A mixture or blend used more in dentistry than in everyday language. I have an amalgam of cats, characters one and all, independent, and full of possibility. I almost never get to photograph them together. Individually, they are hard enough to capture, especially Tillie. Black cats just don’t photograph well; the fur has no texture. Lighting is the key. Look at the camera; cats pretty much never look into the lens. You must position your camera in front of the cat; it works. Sphinx like? – mysterious and not allowing people to know what you are thinking. A classic pose! Why seven cats?! Well, I got snagged by kittens – in pairs – when I in the pet store to get food. It happened three, Three, THREE!!, times. We are very lucky. No, no more kittens. Ha ha. Yeah, I can do the math too. Sadly, we lost a couple along the way.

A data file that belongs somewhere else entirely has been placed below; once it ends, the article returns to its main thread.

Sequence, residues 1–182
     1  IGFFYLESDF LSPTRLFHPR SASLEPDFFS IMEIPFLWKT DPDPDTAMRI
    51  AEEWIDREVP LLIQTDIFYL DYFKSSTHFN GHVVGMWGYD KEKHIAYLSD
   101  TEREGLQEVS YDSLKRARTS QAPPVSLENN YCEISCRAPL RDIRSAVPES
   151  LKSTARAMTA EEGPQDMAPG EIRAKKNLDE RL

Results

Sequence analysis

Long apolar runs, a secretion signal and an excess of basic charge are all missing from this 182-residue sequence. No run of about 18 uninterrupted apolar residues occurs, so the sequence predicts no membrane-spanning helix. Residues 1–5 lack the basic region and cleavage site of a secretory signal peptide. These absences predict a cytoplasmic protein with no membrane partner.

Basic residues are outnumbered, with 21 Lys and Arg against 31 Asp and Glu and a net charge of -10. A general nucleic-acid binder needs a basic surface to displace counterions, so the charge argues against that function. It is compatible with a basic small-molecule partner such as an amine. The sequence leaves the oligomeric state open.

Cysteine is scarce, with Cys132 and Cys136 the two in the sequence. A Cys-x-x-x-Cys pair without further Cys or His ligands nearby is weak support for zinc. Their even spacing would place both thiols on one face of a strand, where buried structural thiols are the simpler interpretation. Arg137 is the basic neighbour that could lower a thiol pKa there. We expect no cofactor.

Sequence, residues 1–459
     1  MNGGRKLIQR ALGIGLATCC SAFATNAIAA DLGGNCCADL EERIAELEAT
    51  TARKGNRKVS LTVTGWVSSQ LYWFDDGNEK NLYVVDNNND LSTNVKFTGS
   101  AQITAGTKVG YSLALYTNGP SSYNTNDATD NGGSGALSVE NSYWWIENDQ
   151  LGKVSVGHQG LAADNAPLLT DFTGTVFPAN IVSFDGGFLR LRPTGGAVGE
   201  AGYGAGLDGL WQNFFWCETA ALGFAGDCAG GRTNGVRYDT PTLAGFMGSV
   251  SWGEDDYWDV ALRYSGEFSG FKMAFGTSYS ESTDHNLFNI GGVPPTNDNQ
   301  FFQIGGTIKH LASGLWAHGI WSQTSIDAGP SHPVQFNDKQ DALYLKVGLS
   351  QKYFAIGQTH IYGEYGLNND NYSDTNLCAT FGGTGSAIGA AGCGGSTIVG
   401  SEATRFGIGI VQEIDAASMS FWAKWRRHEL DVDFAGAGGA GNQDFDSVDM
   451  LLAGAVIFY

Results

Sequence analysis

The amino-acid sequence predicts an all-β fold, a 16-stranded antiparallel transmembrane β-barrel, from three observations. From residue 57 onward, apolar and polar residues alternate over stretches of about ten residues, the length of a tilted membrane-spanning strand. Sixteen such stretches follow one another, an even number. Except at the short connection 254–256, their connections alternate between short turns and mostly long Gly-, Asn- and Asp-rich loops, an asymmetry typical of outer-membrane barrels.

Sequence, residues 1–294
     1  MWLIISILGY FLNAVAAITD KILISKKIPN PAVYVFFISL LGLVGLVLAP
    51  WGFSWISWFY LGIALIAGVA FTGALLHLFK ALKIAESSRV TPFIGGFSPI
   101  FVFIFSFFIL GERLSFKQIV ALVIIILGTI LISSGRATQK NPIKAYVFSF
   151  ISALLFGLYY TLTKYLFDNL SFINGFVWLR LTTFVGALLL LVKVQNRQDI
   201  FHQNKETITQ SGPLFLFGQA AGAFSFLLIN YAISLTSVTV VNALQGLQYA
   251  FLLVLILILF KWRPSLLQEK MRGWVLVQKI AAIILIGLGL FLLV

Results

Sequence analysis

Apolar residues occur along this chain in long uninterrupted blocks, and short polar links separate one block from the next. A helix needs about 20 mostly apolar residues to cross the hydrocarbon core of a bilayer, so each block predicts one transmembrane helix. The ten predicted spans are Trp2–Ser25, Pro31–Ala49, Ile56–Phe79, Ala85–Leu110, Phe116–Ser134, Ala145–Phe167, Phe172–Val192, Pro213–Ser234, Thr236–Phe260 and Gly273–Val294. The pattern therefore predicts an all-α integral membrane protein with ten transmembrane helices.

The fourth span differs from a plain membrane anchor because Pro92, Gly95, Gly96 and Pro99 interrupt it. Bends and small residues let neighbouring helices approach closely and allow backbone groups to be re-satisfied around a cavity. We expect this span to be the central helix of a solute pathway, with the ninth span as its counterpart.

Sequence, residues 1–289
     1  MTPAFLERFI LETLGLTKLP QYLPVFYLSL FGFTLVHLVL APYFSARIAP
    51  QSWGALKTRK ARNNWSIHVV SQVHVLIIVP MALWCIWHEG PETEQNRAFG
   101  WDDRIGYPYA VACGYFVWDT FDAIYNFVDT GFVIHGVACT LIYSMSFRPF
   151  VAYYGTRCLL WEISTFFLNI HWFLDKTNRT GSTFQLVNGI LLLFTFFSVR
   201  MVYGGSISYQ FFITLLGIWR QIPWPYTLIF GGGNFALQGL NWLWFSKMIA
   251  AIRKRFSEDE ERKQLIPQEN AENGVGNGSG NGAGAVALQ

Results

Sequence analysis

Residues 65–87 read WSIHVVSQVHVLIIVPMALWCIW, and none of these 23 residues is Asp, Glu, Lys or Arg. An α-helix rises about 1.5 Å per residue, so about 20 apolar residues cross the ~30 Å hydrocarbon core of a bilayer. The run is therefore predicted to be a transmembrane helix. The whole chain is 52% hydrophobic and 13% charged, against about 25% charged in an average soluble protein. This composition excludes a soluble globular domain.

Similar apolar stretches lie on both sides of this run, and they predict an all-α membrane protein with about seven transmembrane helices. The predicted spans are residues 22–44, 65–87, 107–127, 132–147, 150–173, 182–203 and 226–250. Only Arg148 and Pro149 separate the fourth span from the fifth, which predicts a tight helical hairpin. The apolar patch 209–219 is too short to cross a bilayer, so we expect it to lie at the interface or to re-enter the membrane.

The numbers vary. We remain a merry band. I do not have a current amalgamated image. It’s bittersweet. Oh well, time to gather the crew….
Lessons! Really! Don’t want ‘em. Don’t need ‘em. I don’t care.
Three views same flower. Two are easy. Point down. Point from the side. But, tilting the camera? It goes against the rules of making your “horizon” wonky! Don’t do it! Oh! Yeah! Sure! The only thing I will add is that it is counter intuitive. Counter intuitive!? That’s for me!
Posing a cat – ?! Huh?! No silly, you don’t pose a cat. They don’t pose, either. You put the camera lens in front of their eyes. Yup! Like salting a bird’s tail. Make sense? When you try it, all sorts of things happen… some good. Or, a goofy pose. Poor Elle! Sorry, kitty. Willow has hooded eyes and requires flash to show his pearly greens. Big, wide open, eyes helps a lot.
Then, there are those cats, who refuse to cooperate. They never look in the camera. They never let me close in front of their face. I am so happy to get the eyes that distractions like the plastic in front is ok! Yes, sometimes, you just gotta settle for what is there.